Kenya and Italy have agreed to renegotiate the Sh19.8 billion controversial loan that Nairobi took to construct the Arror and Kimwarer dams, setting the stage for the revival of the projects that were cancelled by former President Uhuru Kenyatta.
The review of €578.2 million (Sh79.2 billion) syndicated loan package provided by Italian commercial banks was the highlight of the talks in Nairobi between President William Ruto and his Italian counterpart, Sergio Mattarella. The projects stalled after the Director of Public Prosecutions (DPP) said the cost of parts of the projects was inflated and that the contracts were awarded without regard to procurement laws.
President Ruto said Kenya was looking to resolve legal hurdles that stalled the projects after Kenya froze payments of the syndicated loans in the wake of the fraud allegations.
“We have now agreed on a framework to settle all the outstanding court cases and have agreed that the facilities that had been provided for the construction of these dams will be renegotiated,” Dr Ruto said on Tuesday.
Former Treasury Cabinet Secretary Henry Rotich was in July 2019 charged alongside some senior officials and forced out of office over allegations that they conspired to defraud the government while implementing the dam projects. Mr Rotich denied wrongdoing.
Up to Sh19.8 billion had been paid in advance to various offshore firms for the Arror and Kimwarer projects from the syndicated loans despite the dams not being built. Mr Kenyatta in September 2019 cancelled the Kimwarer dam project following an investigation that established that it was technically and financially unfeasible.
He also issued an order for the commencement of the Arror dam project at half the costs as the technical committee he appointed to look into the developments found it economically viable.
On Tuesday, Dr Ruto said Italy and Kenya were in the process of withdrawing the court cases linked to the cancellation of the dam projects. Kenya has filed a suit against Italian firms while the contractors have also sued Nairobi in a counter-suit.
Three Italian firms: Cooperativa Muratori & Cementisti-CMC, Di Ravenna Societa Cooperativa (Italy)-Itinera S.P.A and CMC Di Ravenna- Itinera JV S.C.P.A, in 2021 filed a case before the International Court of Arbitration for what they said were illegal cancellations of the projects.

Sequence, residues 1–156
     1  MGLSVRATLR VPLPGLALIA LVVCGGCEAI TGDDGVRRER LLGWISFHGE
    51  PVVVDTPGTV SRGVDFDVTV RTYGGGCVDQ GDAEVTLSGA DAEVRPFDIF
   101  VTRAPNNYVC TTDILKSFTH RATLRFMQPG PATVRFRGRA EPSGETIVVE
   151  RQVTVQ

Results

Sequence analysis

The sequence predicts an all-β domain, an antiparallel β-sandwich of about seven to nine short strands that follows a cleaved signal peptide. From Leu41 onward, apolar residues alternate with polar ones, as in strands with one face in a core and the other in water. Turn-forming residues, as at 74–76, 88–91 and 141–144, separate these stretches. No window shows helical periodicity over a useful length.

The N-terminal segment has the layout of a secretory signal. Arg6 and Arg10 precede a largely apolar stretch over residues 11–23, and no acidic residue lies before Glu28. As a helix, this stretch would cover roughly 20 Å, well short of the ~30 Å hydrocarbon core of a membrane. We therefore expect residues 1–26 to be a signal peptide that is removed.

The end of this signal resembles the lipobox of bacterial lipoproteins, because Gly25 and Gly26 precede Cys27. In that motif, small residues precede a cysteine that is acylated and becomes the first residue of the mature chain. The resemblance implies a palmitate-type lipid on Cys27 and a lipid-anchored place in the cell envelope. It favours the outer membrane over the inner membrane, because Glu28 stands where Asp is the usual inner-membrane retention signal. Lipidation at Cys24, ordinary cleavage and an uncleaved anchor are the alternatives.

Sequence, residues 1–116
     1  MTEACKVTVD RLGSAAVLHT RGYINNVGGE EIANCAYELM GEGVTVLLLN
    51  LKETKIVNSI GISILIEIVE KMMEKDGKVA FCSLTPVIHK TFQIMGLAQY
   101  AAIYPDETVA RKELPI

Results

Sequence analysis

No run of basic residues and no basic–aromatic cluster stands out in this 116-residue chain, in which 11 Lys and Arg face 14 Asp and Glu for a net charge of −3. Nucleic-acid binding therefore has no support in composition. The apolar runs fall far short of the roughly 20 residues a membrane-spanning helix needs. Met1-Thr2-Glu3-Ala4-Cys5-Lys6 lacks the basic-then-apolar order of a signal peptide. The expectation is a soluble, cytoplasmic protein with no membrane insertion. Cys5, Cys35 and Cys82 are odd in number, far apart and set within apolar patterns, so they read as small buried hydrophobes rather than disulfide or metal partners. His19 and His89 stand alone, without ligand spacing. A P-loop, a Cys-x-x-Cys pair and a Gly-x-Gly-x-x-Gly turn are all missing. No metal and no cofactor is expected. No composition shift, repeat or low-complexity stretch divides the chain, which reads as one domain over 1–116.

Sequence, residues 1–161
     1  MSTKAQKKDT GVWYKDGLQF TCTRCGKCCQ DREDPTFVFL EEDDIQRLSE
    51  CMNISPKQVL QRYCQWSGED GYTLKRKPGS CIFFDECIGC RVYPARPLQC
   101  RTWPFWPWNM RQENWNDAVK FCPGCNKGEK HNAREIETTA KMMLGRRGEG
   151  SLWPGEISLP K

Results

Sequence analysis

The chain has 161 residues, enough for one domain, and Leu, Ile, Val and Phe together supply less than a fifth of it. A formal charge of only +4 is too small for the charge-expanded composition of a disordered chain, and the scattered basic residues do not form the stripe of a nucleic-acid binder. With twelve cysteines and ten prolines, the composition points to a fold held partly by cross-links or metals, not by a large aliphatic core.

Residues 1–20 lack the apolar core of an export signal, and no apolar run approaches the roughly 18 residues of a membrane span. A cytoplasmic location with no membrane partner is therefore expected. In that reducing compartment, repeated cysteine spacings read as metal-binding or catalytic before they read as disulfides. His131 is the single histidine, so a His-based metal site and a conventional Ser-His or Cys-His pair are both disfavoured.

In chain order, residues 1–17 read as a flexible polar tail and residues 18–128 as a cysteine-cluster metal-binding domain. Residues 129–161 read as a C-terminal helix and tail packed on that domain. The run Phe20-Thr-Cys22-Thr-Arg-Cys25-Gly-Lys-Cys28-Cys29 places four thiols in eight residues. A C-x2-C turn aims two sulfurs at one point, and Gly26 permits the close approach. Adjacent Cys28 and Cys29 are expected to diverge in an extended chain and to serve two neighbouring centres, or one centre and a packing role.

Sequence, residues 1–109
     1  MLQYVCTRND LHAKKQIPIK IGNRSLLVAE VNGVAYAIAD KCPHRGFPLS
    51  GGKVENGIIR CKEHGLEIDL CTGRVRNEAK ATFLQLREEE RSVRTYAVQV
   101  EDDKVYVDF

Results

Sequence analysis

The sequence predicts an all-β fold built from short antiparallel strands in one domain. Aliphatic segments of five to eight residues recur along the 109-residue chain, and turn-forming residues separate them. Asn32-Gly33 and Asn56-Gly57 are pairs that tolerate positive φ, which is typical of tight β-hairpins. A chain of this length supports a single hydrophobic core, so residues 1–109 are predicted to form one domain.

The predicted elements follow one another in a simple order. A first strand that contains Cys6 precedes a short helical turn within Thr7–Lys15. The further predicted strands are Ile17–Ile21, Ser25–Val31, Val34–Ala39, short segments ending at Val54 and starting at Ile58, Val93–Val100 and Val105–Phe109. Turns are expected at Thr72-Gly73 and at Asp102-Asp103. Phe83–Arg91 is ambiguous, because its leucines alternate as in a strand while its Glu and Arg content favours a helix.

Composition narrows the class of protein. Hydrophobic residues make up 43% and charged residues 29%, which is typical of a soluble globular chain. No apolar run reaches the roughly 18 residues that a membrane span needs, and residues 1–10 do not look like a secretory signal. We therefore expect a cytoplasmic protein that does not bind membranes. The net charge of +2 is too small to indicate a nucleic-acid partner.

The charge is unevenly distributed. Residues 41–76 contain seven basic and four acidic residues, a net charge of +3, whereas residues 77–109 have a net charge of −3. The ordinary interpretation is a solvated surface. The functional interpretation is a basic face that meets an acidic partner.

“We intend to clear the court issues in the next one month and be able to start the process of starting the restructuring of financing and hopefully we should be able to go on with the project,” said Dr Ruto.
Kenya defaulted on the Sh19.6 billion loan for the controversial Arror and Kimwarer dams having failed to make the first instalment payments to Italian Bank Intesa San Paolo in May 2021 Treasury documents tabled in Parliament showed Kenya was to pay the first instalment for the Sh11 billion lent for the Arror dam on May 18, 2021 and the initial repayment of the Sh8.63 billion Kimwarer loan on May 9, 2021.
Records before Parliament show the Treasury is yet to make payments for loans linked to the two dams.
“Loan of Eur 258,688,881.72 (Sh33bilion) repayable in semiannual instalments commencing 9th May 2021 and ending on 9th November 2035,” said the Treasury disclosures in reference to the Kimwarer dam debt.
On the Arror dam debt, the Treasury documents said: “Loan of Eur 319,620,697.07 (Sh40.8 billion) repayable in semiannual instalments commencing 18th May 2021 and ending on 18th November 2035.” But analysts say the non-payment of the loan cannot be viewed strictly as a default given the ongoing probe and court action.
Mr Rotich has been accused of aiding a Sh11 billion irregular offshore payment to an Italian insurance firm entangled in the suspect loan deal to finance the two dams. The DPP in court filing says Mr Rotich facilitated the direct payment of the amount to Italy’s SACE Insurance contrary to the law, which requires that all payments are processed through the consolidated account in Kenya.
The prosecution reckons that the push to bypass wiring the cash to the consolidated fund was engineered to facilitate the payment of bribes and kickbacks.
There were also concerns that the contractor CMC Di Ravenna- Itinera JV had gone bankrupt even after receiving Sh7.2 billion in advance payment for the project.